Think you look younger than your age? You’re not alone. In a survey of American adults that Pfizer conducted, 51 percent of all respondents thought they looked younger than their age, with 60 percent of people 50 to 64 saying they feel like they look at least five years younger than their age.
As we discussed on the Rachael Ray Show, there can be subtle connections between how old you look (or think you look) and how old you feel. We met three women – all the same age (54). One said she felt older than her years; one said she felt exactly her age; and one said she felt younger. We talked about some of the steps these women could take – and that anyone can take, at any age – to “tap the brakes” on the aging process and set a healthier course for the future. These need not be dramatic changes. It’s human nature to want big change and want it fast, especially when it comes to our health and wellness.
Yet the secret to making change “stick” is not to think big. It’s to start small. That’s especially important as we get older and yearn to “make up ground” in preserving our health and vitality.
Studies have shown that taking small steps towards a goal often provides the best chance for success—and for keeping the momentum going. Given that most of us will live for many more years, the beneficial effects of small but positive changes can build up over time. If 10,000 steps a day sounds daunting, start by parking your car a few blocks from work or at the outer edge of the parking lot. The extra 750 steps each way gives you a solid “down payment” on your daily exercise goal. If you can’t run ten laps, walk one—and add a quarter-lap each time. If pumping iron is too hard, lift lighter weights, or try tai chi or simple flexibility exercises. If you’ve started and failed a dozen strict diets, take a kinder, gentler approach. Trim 100-150 calories a day and add little more physical activity. That alone could take off 20 pounds a year. Switch to skim milk. Skip sugared soft drinks and juices. Have a donut or bagel once a week instead of every morning. And make your time horizon months and years, not days and weeks. Don’t worry about losing weight for the upcoming holidays. Instead, start now to be the weight you want to be—next holiday season.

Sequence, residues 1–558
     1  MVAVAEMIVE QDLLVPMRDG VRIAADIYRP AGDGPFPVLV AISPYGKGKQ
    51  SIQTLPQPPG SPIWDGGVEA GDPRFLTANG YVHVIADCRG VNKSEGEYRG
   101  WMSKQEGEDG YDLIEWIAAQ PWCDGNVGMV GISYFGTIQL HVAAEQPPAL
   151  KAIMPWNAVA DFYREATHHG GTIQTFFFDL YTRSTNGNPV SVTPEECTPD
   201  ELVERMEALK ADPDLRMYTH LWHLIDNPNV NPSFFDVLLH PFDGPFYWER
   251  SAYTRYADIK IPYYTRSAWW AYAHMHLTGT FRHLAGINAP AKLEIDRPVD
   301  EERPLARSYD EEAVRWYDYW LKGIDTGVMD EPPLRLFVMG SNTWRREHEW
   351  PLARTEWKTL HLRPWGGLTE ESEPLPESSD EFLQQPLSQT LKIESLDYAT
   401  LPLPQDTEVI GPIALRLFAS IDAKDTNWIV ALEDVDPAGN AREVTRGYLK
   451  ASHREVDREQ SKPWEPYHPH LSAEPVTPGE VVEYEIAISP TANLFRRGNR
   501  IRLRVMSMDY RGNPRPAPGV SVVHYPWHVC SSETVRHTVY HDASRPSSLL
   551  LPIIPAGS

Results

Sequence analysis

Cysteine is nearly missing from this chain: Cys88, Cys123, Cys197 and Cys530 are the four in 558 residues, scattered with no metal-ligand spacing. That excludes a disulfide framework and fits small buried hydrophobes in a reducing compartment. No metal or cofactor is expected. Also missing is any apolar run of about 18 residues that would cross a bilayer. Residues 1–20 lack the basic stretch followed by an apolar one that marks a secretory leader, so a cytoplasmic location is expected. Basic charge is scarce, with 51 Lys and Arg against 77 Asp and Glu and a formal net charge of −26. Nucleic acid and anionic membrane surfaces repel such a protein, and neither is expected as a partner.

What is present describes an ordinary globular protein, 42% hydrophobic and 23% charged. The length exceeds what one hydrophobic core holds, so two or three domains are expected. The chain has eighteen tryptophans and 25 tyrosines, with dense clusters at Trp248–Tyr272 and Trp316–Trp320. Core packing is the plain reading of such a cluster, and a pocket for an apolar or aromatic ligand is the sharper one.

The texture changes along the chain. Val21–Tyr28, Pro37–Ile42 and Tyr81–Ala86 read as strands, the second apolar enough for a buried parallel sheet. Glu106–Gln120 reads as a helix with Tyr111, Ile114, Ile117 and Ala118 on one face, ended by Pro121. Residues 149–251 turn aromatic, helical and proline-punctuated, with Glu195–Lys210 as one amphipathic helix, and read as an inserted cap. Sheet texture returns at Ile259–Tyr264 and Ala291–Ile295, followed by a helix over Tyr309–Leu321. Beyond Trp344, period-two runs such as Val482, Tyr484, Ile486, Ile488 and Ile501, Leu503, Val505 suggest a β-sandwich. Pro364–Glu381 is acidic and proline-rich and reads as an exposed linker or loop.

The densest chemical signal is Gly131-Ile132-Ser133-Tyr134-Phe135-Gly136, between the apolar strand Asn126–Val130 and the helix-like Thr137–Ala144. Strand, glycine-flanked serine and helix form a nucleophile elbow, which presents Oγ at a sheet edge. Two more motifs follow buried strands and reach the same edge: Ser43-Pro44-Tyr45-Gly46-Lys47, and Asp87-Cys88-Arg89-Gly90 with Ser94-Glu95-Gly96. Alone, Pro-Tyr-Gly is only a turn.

Whatever your goals, start with one small change and let it grow into a habit. Research says that for many of us, two months is all it takes to turn a new habit into a part of our daily routine. Set modest goals: Plan three 10-minute strength training sessions a week; schedule that checkup or mammogram you’ve been putting off. And don’t try and change everything at once. Think small, take the first modest steps, and get some victories under your belt. That way, you’ll have a good chance of not only living longer, but also of adding much more life to your years. And, as a fringe benefit, you may find you look and feel younger, too!